• Emily Spitz's avatar
      Emily Spitz 9/28/2020 8:34 PM
      Hi Sophie!! Great job this week with your daily and one time challenges. Although it seems like it was challenging, it sounds like it was a very productive and successful week. I love that one of your challenges it to enjoy a sunrise or sunset. Sunsets are one of my favorite things in the world and they are magical both here at Bucknell and back home in New York. No matter how my day went, watching a sunset always improves my mood and makes me happy. Watching sunsets and sunrises are even better with friends which it sounds like you did! I definitely understand what you're going through with the reducing animal products challenge. My sister recently went pescatarian and has trouble getting protein since, like yours, my family eats a lot of meat. She has been eating a lot of peanut butter to get protein and could be a good option for you too if you like it! In addition, I chose the same challenge of reducing my use of plastic straws. This has been a challenge for me as well since I really don't like paper straws and do not have a metal reusable straw. Although, like you, I have switched to Starbucks since they now use the sippy cup that don't need straws. This works well since I actually like these cups better as they are easier to drink out of, and don't need a straw so it's a win, win. Overall, great job this week and good luck with the rest of the challenge!!

  • Sophie Kimerling's avatar
    Sophie Kimerling 9/08/2020 1:35 PM
    The first week of my Campus Eco-Challenge was very beneficial to me and the environment. I have been using less plastic bottles, using less plastic straws, and using less paper for sure. Like I said in class, it was difficult for me to remember to log my activities each day. Therefore, for this week I will set a daily alarm so that I never forget and so that you and the rest of my classmates can see my progress. Even though I haven't been logging every day, I still have accomplished my goals for last week. The plastic bottles was the challenge that made the most difference in my life. I usually go to Starbucks every day, and so I receive a plastic up from them (basically the size of a water bottle) that includes a plastic straw. The amount of Starbucks cups and straws that accumulated in my car this summer is borderline gross... Anyway, this challenge has positively forced me to make my own coffee at home and use a reusable cup or bottle. Not only has this benefitted the environment, but it is economically wise as well! I spend so much less money making coffee at home rather than going out every single morning.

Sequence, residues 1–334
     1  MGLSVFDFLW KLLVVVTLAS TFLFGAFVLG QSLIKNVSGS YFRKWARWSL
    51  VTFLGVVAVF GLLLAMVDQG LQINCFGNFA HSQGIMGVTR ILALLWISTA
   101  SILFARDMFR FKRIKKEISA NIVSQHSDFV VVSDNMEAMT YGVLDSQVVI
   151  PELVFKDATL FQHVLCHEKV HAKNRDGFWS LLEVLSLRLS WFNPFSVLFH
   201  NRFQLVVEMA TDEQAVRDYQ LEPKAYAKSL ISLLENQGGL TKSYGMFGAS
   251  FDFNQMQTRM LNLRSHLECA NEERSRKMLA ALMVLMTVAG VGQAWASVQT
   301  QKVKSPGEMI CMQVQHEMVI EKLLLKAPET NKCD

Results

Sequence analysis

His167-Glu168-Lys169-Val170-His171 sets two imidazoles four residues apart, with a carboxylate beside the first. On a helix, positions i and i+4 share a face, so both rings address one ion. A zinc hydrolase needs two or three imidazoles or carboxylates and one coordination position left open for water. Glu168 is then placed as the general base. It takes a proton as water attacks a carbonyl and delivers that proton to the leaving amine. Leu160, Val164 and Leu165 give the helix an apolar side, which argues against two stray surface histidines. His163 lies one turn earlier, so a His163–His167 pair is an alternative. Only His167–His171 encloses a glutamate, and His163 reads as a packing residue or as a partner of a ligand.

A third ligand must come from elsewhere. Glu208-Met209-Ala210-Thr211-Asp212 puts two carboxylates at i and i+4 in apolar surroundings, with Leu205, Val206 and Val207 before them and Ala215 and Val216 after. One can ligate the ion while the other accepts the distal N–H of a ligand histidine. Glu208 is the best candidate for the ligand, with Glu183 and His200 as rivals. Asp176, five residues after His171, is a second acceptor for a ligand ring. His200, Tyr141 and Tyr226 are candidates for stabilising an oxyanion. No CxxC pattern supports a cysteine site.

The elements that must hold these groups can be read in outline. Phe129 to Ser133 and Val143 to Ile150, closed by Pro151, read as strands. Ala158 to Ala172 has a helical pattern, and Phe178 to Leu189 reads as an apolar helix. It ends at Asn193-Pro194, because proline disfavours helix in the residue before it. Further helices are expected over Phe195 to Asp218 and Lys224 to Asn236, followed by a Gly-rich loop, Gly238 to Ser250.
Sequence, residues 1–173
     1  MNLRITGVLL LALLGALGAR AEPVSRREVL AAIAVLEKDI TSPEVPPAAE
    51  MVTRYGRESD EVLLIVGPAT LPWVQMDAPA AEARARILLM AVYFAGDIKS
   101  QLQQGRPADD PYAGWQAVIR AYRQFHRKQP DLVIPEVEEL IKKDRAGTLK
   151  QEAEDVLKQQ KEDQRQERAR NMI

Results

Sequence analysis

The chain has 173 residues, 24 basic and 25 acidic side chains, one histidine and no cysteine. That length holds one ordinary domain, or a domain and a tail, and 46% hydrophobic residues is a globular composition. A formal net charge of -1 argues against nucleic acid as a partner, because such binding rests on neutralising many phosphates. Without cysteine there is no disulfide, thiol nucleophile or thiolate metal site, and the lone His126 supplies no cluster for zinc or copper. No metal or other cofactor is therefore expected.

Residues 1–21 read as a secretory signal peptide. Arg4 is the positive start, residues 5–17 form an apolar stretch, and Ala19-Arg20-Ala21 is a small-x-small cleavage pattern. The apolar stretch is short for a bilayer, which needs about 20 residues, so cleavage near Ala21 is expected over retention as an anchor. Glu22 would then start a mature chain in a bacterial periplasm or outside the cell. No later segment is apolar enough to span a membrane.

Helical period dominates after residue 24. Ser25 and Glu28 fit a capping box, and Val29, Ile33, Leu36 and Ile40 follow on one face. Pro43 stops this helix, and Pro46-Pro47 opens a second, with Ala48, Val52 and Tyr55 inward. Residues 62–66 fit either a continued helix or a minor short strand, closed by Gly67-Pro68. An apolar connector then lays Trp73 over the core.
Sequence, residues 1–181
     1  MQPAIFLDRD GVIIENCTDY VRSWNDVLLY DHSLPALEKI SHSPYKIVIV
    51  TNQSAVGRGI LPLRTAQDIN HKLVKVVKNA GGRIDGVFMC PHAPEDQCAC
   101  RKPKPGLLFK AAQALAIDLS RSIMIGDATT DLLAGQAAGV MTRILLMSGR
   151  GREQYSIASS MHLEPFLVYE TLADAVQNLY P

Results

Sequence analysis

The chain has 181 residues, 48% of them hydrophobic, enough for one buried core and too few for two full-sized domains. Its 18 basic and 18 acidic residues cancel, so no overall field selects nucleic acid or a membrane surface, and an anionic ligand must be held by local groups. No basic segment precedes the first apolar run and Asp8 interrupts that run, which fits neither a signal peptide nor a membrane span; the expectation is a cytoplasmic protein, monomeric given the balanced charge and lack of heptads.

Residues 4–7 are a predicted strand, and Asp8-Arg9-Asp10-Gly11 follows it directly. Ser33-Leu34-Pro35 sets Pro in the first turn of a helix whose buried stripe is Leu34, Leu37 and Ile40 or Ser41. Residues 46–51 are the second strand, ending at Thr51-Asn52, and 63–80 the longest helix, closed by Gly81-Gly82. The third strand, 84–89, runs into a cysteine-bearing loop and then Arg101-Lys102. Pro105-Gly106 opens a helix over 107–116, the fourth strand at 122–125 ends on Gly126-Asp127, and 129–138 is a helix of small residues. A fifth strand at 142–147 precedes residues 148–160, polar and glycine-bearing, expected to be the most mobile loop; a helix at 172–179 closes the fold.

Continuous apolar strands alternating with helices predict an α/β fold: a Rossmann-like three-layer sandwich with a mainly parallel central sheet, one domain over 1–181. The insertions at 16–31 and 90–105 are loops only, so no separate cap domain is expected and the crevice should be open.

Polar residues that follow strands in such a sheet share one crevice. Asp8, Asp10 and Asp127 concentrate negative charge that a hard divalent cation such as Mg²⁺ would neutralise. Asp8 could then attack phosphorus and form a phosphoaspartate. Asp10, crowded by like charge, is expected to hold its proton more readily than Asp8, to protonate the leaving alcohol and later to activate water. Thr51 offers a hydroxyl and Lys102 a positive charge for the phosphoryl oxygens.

The one time challenge of going paperless is actually very easy to do since all of my classes are online. I don't receive handouts, packets, or in class assignments that I have to physically hand in. All of my assignments are digital, which is definitely a silver lining of all my classes being online. 
    This weeks challenges will be harder for me. They are: driving less and eating meatless/vegan meals. I am excited to see how those will go!  

    • Andrew Stuhl's avatar
      Andrew Stuhl 9/16/2020 6:18 AM
      Thanks for this reflection Sophie! I appreciate your honesty about the cups and straws in your car! :) I'd like you to revise/ repost this, as I feel there were parts of the prompt that you didn't address. I include the prompt below:
      --
      1.     In 500-1000 words, reflect on 

      §  what was it like for you to experiment with these daily and one-time challenges this week? what was surprising to you? 

      §  what are the barriers you face in making these lifestyle changes permanent? 

      §  knowing what you know from your personal experience and the "resources" you read, are you willing to make these lifestyle changes permanent? why or why not? (be sure to include some references to your 'resources' in answering this last question)